This article isn't about the design of the software, or the process of making it, though maybe I should try and make an effort to dig through the sources a bit more. Indeed, because the game was written in a dialect of BBC BASIC called ARM BASIC which was the standard BASIC on the Archimedes series of computers, and fortunately wasn't obfuscated, it's still possible to look at it today. Today, the idea of writing a multi-component, multi-tasking educational experience in BASIC makes me slightly nervous. However, at that time in my life, I was very comfortable writing non-trivial BASIC programs and, although a project of this scope and complexity wasn't something I'd done before, it just seemed more of a challenge than anything else.

Apart from some time spent in the Logotron office at the beginning and end of the project, most of the work was done from home with floppy disks and documents being sent back and forth between Nicola Bradley, the coordinator, and myself. I would be told what should happen in each activity, implement it, send it back, and get feedback on what needed changing. Despite mostly happening remotely and offline, it all got done fairly quickly. It wasn't really any more efficient when I was in Cambridge working in the office.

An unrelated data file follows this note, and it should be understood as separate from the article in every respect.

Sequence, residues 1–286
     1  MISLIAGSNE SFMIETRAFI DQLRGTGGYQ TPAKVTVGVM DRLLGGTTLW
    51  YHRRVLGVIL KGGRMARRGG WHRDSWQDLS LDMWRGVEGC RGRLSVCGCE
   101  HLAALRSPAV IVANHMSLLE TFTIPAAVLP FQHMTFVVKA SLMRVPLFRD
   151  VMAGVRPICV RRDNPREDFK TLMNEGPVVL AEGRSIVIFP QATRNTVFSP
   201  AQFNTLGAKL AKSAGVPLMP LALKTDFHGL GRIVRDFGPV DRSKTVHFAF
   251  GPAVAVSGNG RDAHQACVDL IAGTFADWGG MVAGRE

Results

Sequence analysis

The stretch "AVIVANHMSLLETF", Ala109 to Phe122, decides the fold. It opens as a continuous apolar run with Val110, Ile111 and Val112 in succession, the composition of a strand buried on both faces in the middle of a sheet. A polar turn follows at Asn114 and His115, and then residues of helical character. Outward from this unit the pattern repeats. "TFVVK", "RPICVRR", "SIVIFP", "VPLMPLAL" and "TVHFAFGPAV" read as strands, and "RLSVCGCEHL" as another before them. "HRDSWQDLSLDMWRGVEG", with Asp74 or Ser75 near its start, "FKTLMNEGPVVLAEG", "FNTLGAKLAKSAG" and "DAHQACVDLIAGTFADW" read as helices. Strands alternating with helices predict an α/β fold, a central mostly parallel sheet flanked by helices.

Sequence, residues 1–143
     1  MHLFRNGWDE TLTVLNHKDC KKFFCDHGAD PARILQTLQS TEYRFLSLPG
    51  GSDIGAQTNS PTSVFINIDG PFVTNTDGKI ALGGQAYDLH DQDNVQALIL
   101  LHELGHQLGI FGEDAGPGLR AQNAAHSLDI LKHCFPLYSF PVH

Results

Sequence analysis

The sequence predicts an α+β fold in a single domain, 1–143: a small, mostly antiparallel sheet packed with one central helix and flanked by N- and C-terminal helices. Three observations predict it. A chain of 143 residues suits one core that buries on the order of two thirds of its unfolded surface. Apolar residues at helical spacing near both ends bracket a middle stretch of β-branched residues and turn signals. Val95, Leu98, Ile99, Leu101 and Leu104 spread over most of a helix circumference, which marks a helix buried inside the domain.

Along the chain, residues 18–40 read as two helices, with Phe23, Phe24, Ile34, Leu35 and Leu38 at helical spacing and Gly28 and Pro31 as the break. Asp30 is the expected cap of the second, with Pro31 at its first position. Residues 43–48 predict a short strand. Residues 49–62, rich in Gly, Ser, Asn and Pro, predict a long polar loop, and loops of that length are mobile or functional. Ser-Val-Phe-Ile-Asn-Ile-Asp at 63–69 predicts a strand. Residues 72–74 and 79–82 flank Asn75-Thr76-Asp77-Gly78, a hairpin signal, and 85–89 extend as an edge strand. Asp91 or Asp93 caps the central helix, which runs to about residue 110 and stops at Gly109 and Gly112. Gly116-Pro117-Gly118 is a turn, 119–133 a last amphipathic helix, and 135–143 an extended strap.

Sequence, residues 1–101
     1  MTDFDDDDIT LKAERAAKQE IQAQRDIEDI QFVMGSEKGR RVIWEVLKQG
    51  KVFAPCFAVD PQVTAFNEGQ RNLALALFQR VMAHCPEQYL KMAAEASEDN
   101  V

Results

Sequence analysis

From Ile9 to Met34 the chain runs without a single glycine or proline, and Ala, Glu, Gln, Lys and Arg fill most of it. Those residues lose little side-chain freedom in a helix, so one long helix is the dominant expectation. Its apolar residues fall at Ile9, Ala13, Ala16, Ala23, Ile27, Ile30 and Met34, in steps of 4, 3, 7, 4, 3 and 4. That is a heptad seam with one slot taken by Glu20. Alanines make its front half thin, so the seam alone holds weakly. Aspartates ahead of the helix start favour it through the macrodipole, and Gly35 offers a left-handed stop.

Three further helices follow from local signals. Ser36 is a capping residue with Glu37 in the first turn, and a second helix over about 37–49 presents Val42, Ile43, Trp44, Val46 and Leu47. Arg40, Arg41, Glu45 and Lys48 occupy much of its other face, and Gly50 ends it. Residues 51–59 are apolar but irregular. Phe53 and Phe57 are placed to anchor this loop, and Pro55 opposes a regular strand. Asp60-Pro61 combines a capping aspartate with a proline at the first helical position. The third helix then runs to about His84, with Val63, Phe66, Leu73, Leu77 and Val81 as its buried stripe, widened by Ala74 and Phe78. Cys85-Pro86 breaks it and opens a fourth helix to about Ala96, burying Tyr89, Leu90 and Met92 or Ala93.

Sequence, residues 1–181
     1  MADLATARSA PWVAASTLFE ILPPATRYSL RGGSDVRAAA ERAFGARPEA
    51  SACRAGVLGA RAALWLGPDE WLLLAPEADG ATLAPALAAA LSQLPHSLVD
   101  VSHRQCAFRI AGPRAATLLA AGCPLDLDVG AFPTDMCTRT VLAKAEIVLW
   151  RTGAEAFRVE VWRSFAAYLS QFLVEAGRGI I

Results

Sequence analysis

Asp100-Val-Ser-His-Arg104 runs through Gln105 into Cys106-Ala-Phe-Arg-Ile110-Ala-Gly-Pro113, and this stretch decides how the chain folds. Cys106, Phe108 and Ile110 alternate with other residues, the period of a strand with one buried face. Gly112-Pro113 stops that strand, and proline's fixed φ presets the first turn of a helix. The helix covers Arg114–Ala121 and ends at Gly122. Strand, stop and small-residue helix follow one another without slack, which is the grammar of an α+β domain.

Everything you need to make olive oil.

The other people involved in the project were also working remotely, so being in the office didn't mean that I would be working alongside them. I only met the artist, Howard Taylor, when Nicola and I went to discuss some work with him. I didn't meet Peter Oxley, the historian responsible for the themes and accuracy of the software, at all. In some ways, apart from the ongoing discussion with Nicola about each revision of the activities, it was Howard with whom I was working most closely. The graphics he created are very much of their time - for a screen of 640 by 256 pixels with 16 colours - but still charming today.